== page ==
Amazon is reportedly planning a dramatic expansion of its cashierless AmazonGo convenience stores, with up to 3,000 brick and mortar locations in the offing by 2021.
Bloomberg sources say Amazon is aggressively pursuing a plan to make the scan-and-go locations as common in US towns as chains like 7-Eleven, Subway and Panera Bread.
According to the report, Amazon CEO Jeff Bezos is experimenting with the best format for the stores with the three existing locations offering a limited selection of groceries, as well as lunchtime eats akin to the Pret A Manger chain in the UK.
The company currently has just four stores (three in its Seattle homeland and one in Chicago), but is likely to have 10 buy the end of the year. The report says that’ll grow to 50 in 2019.
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Bloomberg’s sources say the major barrier to expansion is the obvious one – cost. The first store required $1 million in hardware to establish, which is easy to imagine given how they operate.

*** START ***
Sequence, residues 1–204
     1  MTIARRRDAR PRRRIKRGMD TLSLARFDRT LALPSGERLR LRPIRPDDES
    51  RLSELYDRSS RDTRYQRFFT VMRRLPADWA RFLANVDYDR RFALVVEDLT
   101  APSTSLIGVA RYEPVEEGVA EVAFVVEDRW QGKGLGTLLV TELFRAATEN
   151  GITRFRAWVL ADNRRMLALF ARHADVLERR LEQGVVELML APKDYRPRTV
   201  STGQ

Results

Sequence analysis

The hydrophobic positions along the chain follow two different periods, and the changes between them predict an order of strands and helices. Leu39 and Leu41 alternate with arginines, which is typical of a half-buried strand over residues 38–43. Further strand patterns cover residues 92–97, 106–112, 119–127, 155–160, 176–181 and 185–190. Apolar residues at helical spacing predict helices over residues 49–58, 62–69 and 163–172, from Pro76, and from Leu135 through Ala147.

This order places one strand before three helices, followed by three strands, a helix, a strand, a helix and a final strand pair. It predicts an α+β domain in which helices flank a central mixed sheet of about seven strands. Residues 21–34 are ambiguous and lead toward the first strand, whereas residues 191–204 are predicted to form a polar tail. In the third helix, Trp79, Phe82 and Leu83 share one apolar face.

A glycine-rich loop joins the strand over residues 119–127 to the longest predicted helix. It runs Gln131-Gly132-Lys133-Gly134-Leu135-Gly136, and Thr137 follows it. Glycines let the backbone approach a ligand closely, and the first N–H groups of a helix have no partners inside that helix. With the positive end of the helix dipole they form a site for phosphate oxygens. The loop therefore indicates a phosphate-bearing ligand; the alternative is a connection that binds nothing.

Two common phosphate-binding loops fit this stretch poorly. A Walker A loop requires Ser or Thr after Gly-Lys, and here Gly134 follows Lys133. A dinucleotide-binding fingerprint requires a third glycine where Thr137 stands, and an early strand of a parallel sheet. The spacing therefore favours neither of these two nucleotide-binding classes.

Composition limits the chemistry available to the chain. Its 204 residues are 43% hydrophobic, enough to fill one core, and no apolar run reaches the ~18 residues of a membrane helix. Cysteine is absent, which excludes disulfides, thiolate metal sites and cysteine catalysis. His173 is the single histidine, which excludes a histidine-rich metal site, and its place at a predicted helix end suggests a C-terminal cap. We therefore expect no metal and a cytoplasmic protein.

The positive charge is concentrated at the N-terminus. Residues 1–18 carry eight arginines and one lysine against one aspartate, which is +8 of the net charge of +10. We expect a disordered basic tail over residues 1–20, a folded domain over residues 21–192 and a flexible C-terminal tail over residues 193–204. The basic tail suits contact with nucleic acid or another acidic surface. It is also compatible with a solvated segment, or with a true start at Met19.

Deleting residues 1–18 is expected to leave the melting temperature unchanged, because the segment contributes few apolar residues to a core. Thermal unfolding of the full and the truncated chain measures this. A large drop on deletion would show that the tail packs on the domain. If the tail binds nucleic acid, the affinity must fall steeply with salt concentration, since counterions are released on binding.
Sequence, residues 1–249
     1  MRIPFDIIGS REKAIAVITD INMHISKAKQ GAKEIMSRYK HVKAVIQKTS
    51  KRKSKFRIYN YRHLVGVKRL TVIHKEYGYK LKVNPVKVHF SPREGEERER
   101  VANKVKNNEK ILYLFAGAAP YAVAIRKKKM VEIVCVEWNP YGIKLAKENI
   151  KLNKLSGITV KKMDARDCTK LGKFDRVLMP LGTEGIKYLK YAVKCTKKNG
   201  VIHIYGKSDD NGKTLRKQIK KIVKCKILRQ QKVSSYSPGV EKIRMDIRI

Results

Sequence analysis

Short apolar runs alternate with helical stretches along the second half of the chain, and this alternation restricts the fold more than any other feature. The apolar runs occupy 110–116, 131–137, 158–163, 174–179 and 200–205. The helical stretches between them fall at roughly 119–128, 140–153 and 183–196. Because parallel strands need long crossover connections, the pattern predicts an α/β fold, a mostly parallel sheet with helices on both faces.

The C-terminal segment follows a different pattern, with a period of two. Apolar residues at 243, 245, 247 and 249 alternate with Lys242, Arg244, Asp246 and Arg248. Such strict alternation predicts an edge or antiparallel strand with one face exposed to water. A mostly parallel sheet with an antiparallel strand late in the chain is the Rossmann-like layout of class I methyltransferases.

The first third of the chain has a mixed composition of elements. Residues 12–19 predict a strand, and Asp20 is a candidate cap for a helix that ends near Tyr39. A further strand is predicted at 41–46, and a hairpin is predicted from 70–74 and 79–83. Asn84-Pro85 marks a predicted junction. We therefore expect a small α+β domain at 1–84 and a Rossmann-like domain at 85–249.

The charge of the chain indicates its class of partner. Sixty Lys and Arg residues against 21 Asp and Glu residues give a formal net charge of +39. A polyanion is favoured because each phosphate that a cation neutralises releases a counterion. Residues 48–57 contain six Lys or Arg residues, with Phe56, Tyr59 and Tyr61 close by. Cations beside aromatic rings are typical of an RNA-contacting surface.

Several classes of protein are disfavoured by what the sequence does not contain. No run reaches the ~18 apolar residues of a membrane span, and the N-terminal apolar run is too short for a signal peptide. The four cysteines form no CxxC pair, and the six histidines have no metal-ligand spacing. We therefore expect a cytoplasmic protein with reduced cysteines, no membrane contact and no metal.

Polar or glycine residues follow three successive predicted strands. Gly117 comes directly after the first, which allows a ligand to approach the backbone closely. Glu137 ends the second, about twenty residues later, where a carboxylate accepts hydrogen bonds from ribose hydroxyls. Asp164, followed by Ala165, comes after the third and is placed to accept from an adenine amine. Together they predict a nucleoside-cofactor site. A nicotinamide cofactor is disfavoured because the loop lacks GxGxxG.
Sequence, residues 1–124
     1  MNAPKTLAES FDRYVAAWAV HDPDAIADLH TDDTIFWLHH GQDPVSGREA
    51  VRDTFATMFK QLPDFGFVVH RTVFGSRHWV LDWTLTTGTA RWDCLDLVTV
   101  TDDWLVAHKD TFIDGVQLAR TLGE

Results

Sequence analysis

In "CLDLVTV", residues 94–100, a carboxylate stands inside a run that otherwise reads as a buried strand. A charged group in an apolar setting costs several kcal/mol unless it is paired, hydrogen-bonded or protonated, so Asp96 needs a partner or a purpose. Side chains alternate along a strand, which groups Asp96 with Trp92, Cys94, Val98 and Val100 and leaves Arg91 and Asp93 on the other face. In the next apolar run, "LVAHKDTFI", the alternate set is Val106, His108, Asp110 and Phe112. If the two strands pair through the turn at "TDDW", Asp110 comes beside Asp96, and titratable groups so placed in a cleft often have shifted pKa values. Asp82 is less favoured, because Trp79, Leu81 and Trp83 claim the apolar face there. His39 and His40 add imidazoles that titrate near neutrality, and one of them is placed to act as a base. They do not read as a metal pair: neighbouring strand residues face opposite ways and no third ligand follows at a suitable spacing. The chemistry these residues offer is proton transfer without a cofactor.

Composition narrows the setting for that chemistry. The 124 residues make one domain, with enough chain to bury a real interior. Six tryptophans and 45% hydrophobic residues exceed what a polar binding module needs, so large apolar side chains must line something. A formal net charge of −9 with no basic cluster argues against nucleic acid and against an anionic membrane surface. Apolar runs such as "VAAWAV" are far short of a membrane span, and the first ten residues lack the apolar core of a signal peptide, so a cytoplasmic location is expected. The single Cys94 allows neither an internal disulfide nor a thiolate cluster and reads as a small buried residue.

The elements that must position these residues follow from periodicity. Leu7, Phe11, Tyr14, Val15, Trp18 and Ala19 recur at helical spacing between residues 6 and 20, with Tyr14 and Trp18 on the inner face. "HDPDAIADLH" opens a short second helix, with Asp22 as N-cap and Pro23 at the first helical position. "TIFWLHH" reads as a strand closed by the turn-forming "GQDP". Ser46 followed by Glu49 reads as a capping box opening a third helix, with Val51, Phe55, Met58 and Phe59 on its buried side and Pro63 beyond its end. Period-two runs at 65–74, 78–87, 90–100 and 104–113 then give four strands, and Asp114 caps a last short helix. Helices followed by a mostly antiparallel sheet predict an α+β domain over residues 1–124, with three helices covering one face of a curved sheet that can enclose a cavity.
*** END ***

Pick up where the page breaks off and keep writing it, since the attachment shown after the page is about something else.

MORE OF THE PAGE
Each item in the store is added to a customer’s shopping basket as it is removed from the shelf, with users simply able to scan the app on the way out.
If the company is to focus on fresh, lunch-break style foods, the cost of producing those sandwiches and salads is also likely to be massively prohibitive.
If any company in the world can do it, it’s Amazon, but one analyst says the expansion is by no means a slam dunk.
“AmazonGo already has no lines,” said Jeff Lenard, vice president of NACS. “The key to success will be convenient locations. If it’s a quarter mile from where people are walking and biking, the novelty of the technology won’t matter. It’s too far away.”
Naturally, the company hasn’t commented on the reports.
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